> well as v6. Or that once we have it, the thought of transitioning to v6 is
> suddenly less distasteful.
GSE obviously can't be made to work with IPv4, unless you change
IPv4 hosts and routers completely - in which case it is not IPv4 and
is not backwards compatible with IPv4.
I am increasingly perplexed by my understanding of your suggestions,
which I admit may be faulty.
> Again, having a mechanism whereby end sites could be multi-homed, not have
> to fight and/or pay ARIN, and get reliable routing might well be seen as a
Sure, but to radically alter IPv6 . . . when there are already major
problems getting anyone to use it . . . What would transition
mechanisms look like for IPv4 and GSE-IPv6, or with current IPv6 and
> |> In fact, that's not true. SHIM6 can cleanly operate with
> |'legacy' v6 hosts.
> |I recall that if host A the "correspondent host" and host B is
> |multihomed with two or more PI prefixes, that both A and B need to
> |be running additional SHIM6 code in their TCP/IP stack in order that
> |A can send packets to another prefix when the one it was using
> |doesn't work for some reason.
> |If A didn't have the SHIM6 additions, it could operate with B, but
> |only as long the prefix in which it accesses B still works. So to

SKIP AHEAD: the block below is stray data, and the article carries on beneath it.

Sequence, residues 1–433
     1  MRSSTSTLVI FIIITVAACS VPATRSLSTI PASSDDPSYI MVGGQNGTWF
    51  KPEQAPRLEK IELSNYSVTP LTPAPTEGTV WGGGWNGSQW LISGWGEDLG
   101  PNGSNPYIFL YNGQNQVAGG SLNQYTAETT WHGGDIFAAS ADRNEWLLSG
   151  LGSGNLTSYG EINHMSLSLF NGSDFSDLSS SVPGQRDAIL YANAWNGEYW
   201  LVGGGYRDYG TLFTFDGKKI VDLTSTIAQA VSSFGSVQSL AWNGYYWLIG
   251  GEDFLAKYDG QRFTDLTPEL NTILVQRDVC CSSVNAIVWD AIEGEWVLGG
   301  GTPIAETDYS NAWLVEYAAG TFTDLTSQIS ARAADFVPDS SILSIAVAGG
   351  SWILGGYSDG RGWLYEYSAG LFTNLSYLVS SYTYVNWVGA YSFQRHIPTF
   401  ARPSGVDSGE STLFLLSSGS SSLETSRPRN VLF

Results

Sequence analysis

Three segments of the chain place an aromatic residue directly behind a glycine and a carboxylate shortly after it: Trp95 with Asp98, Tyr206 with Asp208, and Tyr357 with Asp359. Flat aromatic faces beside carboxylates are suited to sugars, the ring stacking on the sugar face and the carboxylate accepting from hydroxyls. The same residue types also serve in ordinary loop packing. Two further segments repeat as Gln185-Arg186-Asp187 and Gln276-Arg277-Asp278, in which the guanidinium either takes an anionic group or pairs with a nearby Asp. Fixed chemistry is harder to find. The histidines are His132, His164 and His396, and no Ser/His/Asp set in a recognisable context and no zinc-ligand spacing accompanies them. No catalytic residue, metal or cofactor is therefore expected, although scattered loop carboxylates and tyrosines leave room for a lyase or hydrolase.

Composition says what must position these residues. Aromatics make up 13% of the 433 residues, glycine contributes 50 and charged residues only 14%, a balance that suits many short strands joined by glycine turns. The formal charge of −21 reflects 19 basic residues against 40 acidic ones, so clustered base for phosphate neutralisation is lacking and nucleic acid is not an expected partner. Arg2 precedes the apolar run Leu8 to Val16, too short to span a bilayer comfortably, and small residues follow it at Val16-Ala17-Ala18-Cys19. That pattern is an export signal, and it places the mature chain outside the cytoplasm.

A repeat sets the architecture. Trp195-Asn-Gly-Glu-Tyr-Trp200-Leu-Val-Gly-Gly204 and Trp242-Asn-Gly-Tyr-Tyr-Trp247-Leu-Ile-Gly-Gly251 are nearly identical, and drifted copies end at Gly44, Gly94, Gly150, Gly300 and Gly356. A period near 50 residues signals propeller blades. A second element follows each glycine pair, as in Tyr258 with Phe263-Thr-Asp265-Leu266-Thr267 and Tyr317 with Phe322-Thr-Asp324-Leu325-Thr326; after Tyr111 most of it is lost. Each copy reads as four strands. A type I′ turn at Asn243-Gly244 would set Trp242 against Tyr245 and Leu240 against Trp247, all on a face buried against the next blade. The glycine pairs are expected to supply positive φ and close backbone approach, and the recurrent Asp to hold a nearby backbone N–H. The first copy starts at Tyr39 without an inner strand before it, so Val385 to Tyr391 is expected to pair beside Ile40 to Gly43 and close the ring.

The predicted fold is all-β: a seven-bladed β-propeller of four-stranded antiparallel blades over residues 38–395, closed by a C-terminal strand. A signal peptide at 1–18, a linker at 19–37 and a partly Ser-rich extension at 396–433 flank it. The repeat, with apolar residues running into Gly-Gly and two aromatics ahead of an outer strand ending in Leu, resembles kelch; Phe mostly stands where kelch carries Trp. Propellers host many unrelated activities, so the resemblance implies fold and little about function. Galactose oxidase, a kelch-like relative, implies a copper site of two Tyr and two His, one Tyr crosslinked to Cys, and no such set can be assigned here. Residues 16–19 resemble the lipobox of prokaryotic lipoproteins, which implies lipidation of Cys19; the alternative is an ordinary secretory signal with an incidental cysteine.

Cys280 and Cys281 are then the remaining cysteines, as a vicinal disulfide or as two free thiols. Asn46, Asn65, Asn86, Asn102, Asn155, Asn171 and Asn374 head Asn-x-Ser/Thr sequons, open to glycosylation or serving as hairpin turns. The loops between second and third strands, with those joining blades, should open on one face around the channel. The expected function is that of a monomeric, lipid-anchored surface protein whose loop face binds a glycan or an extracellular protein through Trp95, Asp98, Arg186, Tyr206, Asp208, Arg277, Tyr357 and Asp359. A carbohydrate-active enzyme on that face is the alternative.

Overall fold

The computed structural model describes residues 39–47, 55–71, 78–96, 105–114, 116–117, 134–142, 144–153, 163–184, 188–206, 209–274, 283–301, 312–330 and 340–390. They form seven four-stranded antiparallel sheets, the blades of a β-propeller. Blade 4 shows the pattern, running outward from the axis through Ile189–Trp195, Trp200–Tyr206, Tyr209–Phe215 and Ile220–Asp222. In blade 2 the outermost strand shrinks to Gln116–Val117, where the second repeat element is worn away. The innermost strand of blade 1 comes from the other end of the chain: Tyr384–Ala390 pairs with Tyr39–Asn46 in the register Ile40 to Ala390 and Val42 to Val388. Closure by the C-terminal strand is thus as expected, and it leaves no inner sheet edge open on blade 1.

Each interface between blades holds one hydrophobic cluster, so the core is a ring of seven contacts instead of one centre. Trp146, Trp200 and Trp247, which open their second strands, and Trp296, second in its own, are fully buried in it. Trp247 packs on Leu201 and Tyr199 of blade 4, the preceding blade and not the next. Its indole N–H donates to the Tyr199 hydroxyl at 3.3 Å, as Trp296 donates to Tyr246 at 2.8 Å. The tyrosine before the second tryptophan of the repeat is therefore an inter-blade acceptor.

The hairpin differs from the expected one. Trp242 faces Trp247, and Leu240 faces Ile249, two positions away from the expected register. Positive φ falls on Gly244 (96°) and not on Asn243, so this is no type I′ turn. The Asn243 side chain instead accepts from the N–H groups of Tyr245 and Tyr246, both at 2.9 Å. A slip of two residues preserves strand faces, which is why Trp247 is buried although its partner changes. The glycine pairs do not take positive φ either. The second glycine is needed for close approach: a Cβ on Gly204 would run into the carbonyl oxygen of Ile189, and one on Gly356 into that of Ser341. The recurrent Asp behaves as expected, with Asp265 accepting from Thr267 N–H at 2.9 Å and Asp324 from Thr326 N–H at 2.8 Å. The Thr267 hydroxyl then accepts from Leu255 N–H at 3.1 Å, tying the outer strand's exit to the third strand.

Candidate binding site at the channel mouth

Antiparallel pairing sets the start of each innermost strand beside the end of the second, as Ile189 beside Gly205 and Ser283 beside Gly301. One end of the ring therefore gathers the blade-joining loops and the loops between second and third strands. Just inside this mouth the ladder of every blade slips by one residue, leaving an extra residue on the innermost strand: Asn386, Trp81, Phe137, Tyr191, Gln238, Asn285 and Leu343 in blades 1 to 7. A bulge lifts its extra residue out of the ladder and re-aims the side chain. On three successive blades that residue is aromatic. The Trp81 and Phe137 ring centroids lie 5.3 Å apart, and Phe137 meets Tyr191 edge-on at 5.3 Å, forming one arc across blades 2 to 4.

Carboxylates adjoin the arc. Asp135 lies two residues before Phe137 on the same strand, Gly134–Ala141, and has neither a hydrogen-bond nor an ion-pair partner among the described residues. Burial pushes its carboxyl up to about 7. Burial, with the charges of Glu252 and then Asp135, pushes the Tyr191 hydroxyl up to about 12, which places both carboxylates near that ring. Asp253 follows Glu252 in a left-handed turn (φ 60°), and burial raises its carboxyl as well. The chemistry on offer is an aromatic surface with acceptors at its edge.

> |support multihoming, I recall that SHIM6 requires upgrades to both
> This is a circular argument. Yes, to get the benefits of SHIM6, you need to
> upgrade the host. To get maximal benefits, you need to upgrade the hosts at
> all multi-homed sites. Of course, those are also the most technologically
> adept sites, best prepared to upgrade, and the costs of upgrading are
> aligned with the beneficiaries, so that somehow all is aligned.
> Of course, you DO have to run Windows Update/OSX Software Update. My
> recollection is that you believe that won't happen.
There are many more devices than PCs and servers. It is hard enough
to update them, but harder still to update embedded devices.
Map-encap doesn't require any host changes at all.
> |Still, I can't see how a network's multihoming can be reliably and
> |securely controlled by the administrators if it requires hooks into
> |all their hosts.
> Control is at the CPE systems/firewalls, just as it is now.
Hmm - maybe I need to revise my understanding of SHIM6.
> |Map-encap portability, multihoming etc. solves that problem without
> |any host changes or the hosts having to be involved in multihoming
> |at all.
> Except, of course, MTU issues, still unknown mapping issues, and legacy
> interaction issues. How did that help?
I proposed a way around the MTU problems. I haven't received any
"Legacy interaction" is handled with Ivip's Open ITRs in the DFZ
(OITRDs). LISP does the same thing with their "Proxy Tunnel
Ivip's fast push mapping system is described in some detail here:
There's more work to do, but plenty of detail criticise if you think
it can't be robust and be much more scalable than the current BGP
approach. It is fast push to wherever the operators decide to place
their full database query servers. Then, past that, to wherever the